The State Department has finalized changes expected to it easier for people with disabilities to join the Foreign Service.

The department is setting a new standard of medical clearance for prospective diplomats, as part of a settlement in a lawsuit spanning nearly two decades.

The department is implementing these changes — and paid more than $37 million to settle claims of disability discrimination — after it rejected or delayed hiring more than 230 individuals who were unable to obtain a “Class 1” or “Worldwide Available” medical clearance.

Jameela Akbari, the acting deputy assistant secretary of the department’s Bureau of Global Talent Management, said in an interview that the terms of the settlement build on the department’s efforts to develop a workforce “that is more inclusive and representative of the American people.”

“For the department to truly be reflective of the American public, we need to ensure that we have people with disabilities in the Foreign Service,” Akbari said, adding that the settlement will allow more people with disabilities to pursue a career in the Foreign Service.

About 8% of the department’s full-time permanent Foreign Service officers have a disability. Nearly 12% of Foreign Service specialists — including medical providers, IT workers and Diplomatic Security personnel — have a disability.

Eric Rubin, president of the American Foreign Service Association, said the reforms outlined in the settlement are “long overdue,” considering that individuals with disabilities have served in some of the most challenging posts overseas.

“What this does is it changes the requirements for entry, because we’ve always accommodated people who develop disabilities after they joined the Foreign Service. They’ve never been forced to resign,” Rubin said.

Bryan Schwartz, an attorney representing plaintiffs in the lawsuit, said the terms of the settlement will reverse a longstanding “discriminatory regime” that prevented applicants with disabilities from serving abroad.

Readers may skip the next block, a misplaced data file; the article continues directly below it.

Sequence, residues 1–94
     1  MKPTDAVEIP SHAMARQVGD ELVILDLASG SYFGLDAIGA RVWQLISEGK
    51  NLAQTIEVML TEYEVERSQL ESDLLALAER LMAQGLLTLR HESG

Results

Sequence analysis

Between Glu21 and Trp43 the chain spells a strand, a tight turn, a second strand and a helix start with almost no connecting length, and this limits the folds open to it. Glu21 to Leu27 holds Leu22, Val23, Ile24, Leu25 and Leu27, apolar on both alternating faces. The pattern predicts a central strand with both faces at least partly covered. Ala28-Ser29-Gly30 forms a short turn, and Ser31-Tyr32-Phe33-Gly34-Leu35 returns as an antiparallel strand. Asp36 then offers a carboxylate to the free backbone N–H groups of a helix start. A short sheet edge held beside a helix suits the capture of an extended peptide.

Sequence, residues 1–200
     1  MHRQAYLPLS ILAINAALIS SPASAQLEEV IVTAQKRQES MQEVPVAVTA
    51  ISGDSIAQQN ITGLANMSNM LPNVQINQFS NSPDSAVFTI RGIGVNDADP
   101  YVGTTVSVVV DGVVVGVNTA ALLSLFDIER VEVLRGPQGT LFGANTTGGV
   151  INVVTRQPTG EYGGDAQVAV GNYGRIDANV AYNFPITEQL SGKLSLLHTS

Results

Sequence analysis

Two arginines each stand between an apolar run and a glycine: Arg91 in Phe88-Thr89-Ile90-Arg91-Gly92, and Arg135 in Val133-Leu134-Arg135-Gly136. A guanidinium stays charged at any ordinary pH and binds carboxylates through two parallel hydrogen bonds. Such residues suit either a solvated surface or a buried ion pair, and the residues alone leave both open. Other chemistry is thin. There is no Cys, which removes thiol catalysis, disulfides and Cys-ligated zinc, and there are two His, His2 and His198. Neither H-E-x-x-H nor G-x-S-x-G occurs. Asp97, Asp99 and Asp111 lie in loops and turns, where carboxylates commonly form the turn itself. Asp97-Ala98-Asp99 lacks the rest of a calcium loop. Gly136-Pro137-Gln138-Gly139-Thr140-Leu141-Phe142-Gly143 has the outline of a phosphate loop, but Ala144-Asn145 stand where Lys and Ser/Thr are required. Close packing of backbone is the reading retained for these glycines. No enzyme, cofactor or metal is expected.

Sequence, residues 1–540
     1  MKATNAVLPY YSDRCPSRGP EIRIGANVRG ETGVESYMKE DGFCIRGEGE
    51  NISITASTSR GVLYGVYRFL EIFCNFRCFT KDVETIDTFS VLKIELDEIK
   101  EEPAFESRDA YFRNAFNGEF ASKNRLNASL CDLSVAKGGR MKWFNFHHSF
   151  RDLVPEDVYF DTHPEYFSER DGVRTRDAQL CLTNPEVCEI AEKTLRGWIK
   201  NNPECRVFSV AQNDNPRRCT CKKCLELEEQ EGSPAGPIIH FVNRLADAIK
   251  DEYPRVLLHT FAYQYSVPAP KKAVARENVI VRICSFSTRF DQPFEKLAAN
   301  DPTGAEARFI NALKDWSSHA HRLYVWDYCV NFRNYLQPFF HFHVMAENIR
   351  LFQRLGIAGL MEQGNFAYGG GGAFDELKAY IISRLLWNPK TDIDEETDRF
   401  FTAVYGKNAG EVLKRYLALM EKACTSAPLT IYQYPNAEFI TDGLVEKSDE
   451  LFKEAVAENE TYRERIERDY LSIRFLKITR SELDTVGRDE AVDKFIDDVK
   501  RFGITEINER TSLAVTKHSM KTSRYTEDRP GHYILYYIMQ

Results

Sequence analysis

“This settlement means nothing less than opening the Foreign Service to people with disabilities, who previously were prohibited from a career in the Foreign Service. And for many people, it’s a dream career,” Schwartz said.

The State Department’s new policy under the settlement requires Foreign Service applicants to meet a “minimum medical qualification standard” that would allow them to serve at designated Regional Medical Evacuation Centers, which are currently in Bangkok, London, Pretoria and Singapore.

Akbari said those four posts have “deep medical resources,” compared to other posts overseas. However, she said those four posts are a floor, not a ceiling, for where incoming Foreign Service officers with disabilities can serve.

“We do agree with the notion that it has to be a floor, not a ceiling,” Rubin said. “Our experience is that people with disabilities have already served in very difficult and dangerous posts, including in Kabul and Baghdad. I’ve worked with people with disabilities in various posts around the world, so this is not something new.”

New Foreign Service officers generally serve their first two tours wherever the department needs them. After that, employees are able to bid on their next assignment.

Akbari said Foreign Service officers with disabilities would have the same ability to bid on hardship posts as any other applicant.

The department defines these posts as locations with “extraordinarily difficult living conditions, excessive physical hardship, or notably unhealthful conditions affecting the majority of employees officially stationed or detailed at that place.”